Is their hatred not justified, caused by the family circumstance and the actions of their father and their brother too?
Paul David Tripp says;
“People and situations do not determine our behaviour;
they provide the occasion where our behaviour reveals our hearts.”
We are not in control of many things, but we are responsible for our response. Joseph and his brothers did not pick their family, they didn’t choose their father or have control over his decisions and actions, but they were responsible for their behaviour, their response.
They hated Joseph, they allowed that hatred to simmer, they shared it, they spoke to each other of it and ultimately they acted on it when they plotted to kill him and ended up selling him as a slave and then they sinned again by deceiving their father and causing him heart ache for years to come.
We need to own our sin, the circumstances, other people didn’t “make us do it” and don’t justify our sinful actions, attitudes or words. This quote by PD Tripp has been so helpful to me forcing me to continually see with clarity that people and situations just provide me with the mirror I need at times to see what is truly in my own heart.
Watching a documentary series on television, I became intrigued by the strength of the family bond. In this series, the presenter and staff pull out all the stops in an impressive detective display, reuniting long lost family members – adopted children seeking biological parents, children raised by single mothers searching for their father, parents looking for children with whom they’ve lost contact due to broken relationships…
And each time the reunion confirms this one fact – there is a link between members of the same family that spans continents and cultures. Parents never forget the children born to them, and children have an unidentifiable want that is only satisfied by either meeting their parents, or at least gaining a better perspective and more information on who they were.
So the story of Joseph intrigued me. Here is a much loved son, who is betrayed by his brothers and becomes traumatically lost to his family. He goes through a series of trails, pain and unfair situations. But eventually God turns it all around and he becomes a super-powerful person in a super-powerful nation.
And after many years, he comes face to face again with his family. The intricate storyline that follows may be a reflection of the deep emotional turmoil he experiences. Surely that same strong family bond identified in the stories I mentioned above made him want to be reunited with his family? But he doesn’t know whether he can allow himself to trust them again. They were, after all, to blame for the trials he had experienced.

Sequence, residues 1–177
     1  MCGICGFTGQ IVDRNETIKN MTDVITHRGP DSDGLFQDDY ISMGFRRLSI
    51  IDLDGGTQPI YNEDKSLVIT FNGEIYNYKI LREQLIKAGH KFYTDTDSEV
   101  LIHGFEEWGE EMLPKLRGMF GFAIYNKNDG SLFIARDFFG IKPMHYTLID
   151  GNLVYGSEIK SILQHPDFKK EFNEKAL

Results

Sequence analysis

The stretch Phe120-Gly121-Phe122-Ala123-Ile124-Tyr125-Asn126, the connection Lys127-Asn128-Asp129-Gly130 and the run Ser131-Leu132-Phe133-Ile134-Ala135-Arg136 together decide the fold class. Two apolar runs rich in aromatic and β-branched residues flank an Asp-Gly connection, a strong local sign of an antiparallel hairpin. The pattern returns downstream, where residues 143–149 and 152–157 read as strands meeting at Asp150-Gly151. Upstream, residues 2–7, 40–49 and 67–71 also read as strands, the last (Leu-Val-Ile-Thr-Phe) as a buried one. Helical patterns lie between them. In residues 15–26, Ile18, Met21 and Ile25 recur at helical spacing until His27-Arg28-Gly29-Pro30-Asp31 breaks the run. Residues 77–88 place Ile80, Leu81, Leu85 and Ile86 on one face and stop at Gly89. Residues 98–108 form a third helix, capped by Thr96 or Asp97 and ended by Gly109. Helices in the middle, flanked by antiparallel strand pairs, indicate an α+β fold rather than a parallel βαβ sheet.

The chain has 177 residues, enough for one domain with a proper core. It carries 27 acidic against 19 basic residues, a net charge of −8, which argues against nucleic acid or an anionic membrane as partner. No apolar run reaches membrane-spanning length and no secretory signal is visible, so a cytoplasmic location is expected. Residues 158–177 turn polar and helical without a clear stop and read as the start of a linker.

So, he tests them. And he finds them changed men.
Genesis 45 paints a touching portrait of a powerful man exposing his vulnerability – weeping aloud “so that the Egyptians heard it, and the household of Pharaoh heard it.” (v 2). Maybe all the years of pain also came to the surface.
Joseph shows tremendous spiritual maturity when he reveals his identity to his brothers. He is able to forgive them. But even more than that – he is able to look past the people who should carry the blame, and see the hand of God.
I am your brother, Joseph, whom you sold into Egypt. And now, do not be distressed or angry with yourselves because you sold me here, for God sent me before you to preserve life. For the famine has been in the land these two years, and there are yet five years in which there will be neither plowing nor harvest. And God sent me before you to preserve for you a remnant on earth, and to keep alive for you many survivors. So it was not you who sent me here, but God. (v 5-8 – my emphasis)
What a perspective!
With distance in space and time from all that happened, God had revealed to Joseph that His plan was at play here and ultimately it was not even limited to Joseph’s good, but would benefit a whole nation.
Of course, with hindsight one can more easily identify the hand of God in troublesome situations or relationships that cause your life to take a different direction. It should give us hope and increase our faith in God for each subsequent trial.
Because blaming people cannot give our pain purpose. God, who knows the end from the beginning, uses every person and circumstance in our lives to bring His purpose to fulfillment.
Letting go of blame and the need for justice (or revenge), allows us to love again.
Blaming people obstructs our eternal perspective, obscures our view to God. Forgiveness is an act of faith. It expresses our trust in the goodness and faithfulness of God. It acknowledges that God is omniscient, all-powerful, eternal and always fully in control.
by Lise Oosthuizen
Reading the story of how Abraham sent out his servant to find a wife for his beloved son, Isaac, it seems that finding a marriage partner was a very calculated activity. But it is in fact the opposite!
God knows the desires of our hearts, He knows our personalities and habits. Only He can perfectly suit two people to each other. And His choice for Isaac was perfect, because the two of them loved each other dearly. And what a wise servant, to stay close to God in this pursuit (Gen 24:21)
“The man gazed at her in silence to learn whether the Lord had prospered his journey or not.”